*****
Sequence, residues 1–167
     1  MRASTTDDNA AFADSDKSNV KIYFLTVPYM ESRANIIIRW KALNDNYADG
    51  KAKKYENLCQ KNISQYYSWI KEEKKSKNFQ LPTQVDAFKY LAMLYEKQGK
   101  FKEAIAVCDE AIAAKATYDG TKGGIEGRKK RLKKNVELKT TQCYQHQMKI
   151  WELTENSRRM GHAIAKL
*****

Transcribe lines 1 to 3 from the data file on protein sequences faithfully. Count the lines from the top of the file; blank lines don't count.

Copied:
Sequence, residues 1–167
     1  MRASTTDDNA AFADSDKSNV KIYFLTVPYM ESRANIIIRW KALNDNYADG
    51  KAKKYENLCQ KNISQYYSWI KEEKKSKNFQ LPTQVDAFKY LAMLYEKQGK